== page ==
Cygnus CRS OA-6 approaching the ISS on 26 March 2016.
|Names||Orbital ATK CRS-6|
|Mission type||ISS resupply|
|Mission duration||91 days, 10 hours, 23 minutes|
|Spacecraft||S.S. Rick Husband|
|Spacecraft type||Enhanced Cygnus |
Thales Alenia Space
|Launch mass||7,492 kg (16,517 lb) |
|Start of mission|
|Launch date||23 March 2016, 03:05:52 UTC |
|Rocket||Atlas V 401 (AV-064)|
|Launch site||Cape Canaveral, SLC-41|
|Contractor||United Launch Alliance|
|End of mission|
|Decay date||22 June 2016, 13:29 UTC |
|Reference system||Geocentric orbit|
|Regime||Low Earth orbit|
|Berthing at ISS|
|Berthing port||Unity nadir|
|RMS capture||26 March 2016, 10:51 UTC |
|Berthing date||26 March 2016, 14:52 UTC|
|Unberthing date||14 June 2016, 11:43 UTC|
|RMS release||14 June 2016, 13:30 UTC|
|Time berthed||79 days, 20 hours, 51 minutes|
NASA OA-6 mission patch
Cygnus CRS OA-6, also known as Orbital ATK CRS-6, is the sixth flight of the Orbital ATK uncrewed resupply spacecraft Cygnus and its fifth flight to the International Space Station under the Commercial Resupply Services (CRS) contract with NASA. The mission launched on 23 March 2016 at 03:05:52 UTC.
The first COTS demonstration mission with a Cygnus concluded successfully in September 2013 and Orbital commenced operational ISS cargo missions under the Commercial Resupply Service (CRS) program with two missions in 2014. However, the third operational mission, Orb CRS-3, was unsuccessful due to catastrophic failure of its Antares 130 launch vehicle. Orbital discontinued the Antares 100 series in favor of the planned Antares 200, upgraded with newly built RD-181 first stage engines to provide greater payload performance and increased reliability.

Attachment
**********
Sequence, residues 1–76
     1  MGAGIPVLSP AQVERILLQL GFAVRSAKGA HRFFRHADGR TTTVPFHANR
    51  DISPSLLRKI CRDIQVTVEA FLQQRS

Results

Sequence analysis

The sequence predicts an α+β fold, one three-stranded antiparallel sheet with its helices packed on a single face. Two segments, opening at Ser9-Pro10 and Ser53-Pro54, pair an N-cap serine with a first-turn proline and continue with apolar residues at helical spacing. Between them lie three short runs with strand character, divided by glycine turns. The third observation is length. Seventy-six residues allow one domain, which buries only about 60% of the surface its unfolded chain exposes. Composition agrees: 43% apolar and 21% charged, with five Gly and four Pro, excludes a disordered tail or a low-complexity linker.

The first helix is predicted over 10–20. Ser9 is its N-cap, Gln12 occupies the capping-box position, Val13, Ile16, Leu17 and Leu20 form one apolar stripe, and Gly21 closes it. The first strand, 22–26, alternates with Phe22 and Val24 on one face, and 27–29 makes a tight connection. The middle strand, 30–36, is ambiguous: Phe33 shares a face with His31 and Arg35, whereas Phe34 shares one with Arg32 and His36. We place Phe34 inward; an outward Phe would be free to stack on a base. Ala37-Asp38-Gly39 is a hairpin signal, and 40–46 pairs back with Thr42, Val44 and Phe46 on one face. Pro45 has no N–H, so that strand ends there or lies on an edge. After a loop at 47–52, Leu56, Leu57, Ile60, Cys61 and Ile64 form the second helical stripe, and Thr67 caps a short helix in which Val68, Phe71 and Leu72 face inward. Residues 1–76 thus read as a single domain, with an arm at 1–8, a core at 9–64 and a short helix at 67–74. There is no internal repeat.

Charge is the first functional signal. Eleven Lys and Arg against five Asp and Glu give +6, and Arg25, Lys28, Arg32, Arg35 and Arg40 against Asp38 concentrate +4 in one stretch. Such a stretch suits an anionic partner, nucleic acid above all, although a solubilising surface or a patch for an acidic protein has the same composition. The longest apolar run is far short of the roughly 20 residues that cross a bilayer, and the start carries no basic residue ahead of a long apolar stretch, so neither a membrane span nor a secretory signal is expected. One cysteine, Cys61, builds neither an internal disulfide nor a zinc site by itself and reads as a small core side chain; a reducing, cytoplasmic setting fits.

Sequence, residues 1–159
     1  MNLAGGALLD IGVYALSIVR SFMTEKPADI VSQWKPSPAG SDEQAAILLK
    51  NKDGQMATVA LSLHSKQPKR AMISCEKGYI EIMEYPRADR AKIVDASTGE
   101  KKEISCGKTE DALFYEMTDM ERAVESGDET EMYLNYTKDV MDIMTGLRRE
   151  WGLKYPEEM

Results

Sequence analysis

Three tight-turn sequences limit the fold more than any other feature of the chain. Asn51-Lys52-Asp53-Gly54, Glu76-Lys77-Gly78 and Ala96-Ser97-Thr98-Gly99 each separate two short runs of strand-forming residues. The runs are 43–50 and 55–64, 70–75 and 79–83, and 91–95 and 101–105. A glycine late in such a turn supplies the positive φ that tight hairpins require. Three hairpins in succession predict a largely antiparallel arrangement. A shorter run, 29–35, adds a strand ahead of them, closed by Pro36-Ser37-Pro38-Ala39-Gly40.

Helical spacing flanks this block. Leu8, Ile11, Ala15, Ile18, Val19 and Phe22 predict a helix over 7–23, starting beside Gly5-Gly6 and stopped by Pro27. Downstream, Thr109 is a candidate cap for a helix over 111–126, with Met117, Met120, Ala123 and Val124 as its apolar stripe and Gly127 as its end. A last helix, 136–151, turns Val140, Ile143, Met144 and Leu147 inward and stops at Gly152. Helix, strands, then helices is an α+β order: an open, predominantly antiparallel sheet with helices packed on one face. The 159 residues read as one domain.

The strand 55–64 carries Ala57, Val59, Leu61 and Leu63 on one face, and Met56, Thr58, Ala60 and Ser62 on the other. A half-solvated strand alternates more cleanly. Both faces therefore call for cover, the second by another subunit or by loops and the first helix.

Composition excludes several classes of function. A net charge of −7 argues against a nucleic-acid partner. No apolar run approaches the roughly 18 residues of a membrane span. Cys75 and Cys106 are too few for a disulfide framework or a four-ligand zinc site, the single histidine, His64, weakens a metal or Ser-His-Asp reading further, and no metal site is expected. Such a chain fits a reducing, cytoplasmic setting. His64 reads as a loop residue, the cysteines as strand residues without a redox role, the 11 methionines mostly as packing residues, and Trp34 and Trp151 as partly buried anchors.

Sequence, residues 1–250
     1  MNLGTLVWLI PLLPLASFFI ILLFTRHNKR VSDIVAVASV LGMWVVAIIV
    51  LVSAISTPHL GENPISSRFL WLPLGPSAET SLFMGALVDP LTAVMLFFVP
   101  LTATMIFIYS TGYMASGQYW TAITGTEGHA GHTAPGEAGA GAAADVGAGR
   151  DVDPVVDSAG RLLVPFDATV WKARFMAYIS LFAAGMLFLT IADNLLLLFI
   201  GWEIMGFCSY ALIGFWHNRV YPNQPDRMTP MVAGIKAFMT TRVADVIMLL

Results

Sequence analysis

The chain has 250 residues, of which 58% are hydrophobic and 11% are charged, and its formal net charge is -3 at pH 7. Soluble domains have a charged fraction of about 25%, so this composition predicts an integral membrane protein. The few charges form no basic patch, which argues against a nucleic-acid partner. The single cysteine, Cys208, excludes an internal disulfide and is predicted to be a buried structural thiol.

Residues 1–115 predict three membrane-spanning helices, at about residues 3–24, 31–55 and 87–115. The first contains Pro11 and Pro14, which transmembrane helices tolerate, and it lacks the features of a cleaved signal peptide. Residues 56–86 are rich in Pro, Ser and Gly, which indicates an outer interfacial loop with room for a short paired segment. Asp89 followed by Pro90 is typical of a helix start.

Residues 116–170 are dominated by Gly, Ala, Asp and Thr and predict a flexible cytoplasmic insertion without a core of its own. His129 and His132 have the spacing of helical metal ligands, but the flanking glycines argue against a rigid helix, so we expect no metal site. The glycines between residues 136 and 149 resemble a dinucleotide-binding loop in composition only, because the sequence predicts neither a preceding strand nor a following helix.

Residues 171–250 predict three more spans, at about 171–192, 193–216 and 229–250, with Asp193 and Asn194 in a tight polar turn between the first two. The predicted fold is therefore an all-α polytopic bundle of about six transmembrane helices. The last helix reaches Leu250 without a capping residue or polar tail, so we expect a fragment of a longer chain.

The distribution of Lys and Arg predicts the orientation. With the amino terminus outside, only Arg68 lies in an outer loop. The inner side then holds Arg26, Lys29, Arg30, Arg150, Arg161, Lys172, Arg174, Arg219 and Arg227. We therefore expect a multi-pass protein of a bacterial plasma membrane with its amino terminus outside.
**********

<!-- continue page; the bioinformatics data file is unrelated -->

While the Antares 200 was under development in 2015–2016, the company contracted with United Launch Alliance (ULA) for the Atlas V launch of CRS OA-4, which occurred on 6 December 2015, to be followed by the Atlas V launch of CRS OA-6 on 23 March 2016.
Orbital ATK plans subsequent launches of CRS OA-5 in August 2016 and CRS OA-7 in November 2016 on the new Antares 230. Together with CRS OA-6, these missions will enable Orbital ATK to cover their initial CRS contracted payload obligation.
Production and integration of Cygnus spacecraft is performed in Dulles, Virginia. The Cygnus service module is mated with the pressurized cargo module at the launch site, and mission operations are conducted from control centers in Dulles, Virginia and Houston, Texas.
On 23 March 2016 (UTC), Cygnus CRS OA-6 was successfully launched by the Atlas V into low Earth orbit. During the flight, the rocket had a first-stage anomaly that led to shutdown of the first-stage engine approximately five seconds before anticipated. The anomaly forced the Centaur upper stage of the rocket to fire for approximately one minute longer than planned, using reserved fuel margin, but did not significantly impact payload orbital insertion. The preplanned deorbit burn successfully deorbited the stage, but not precisely within the designated location. The issue marked the first Atlas V anomaly in over eight years to be publicly acknowledged by ULA.
OA-6 is the fifth of ten flights by Orbital ATK under the Commercial Resupply Services contract with NASA. This was the second flight of the Enhanced sized Cygnus PCM. The delay of the NOAA GOES-R satellite from March 2016 to October 2016 created this Atlas V launch opportunity for CRS OA-6 to be launched before OA-5. The mission was launched on 23 March 2016.
In keeping with an Orbital ATK tradition, this Cygnus spacecraft is named the S.S. Rick Husband after the NASA astronaut who commanded the Space Shuttle Columbia's ill-fated STS-107 mission in 2003.
Saffire-1 is a NASA test to study flammability and fire propagation in space, using the CRS OA-6 after it has delivered cargo to the International Space Station. The spacecraft is fitted with various sensors and cameras to record data during what is expected to be a 20-minute fire, to determine how much fire resistance is needed in the ultra-light material used in the spacecraft and astronaut's gear. OA-6 will later disintegrate as it enters the Earth's atmosphere.
After this OA-6 flight, NASA plans to launch two more Cygnus cargo missions in 2016: OA-5 on 6 July 2016 and OA-7 on 30 December 2016. They will be followed by three flights from the extended contract: OA-8E on 12 June 2017, OA-9E later in 2017 and OA-10E in 2018. The schedules in early 2017 are dynamic, due to the first crewed commercial flights (SpaceX, Boeing) to ISS.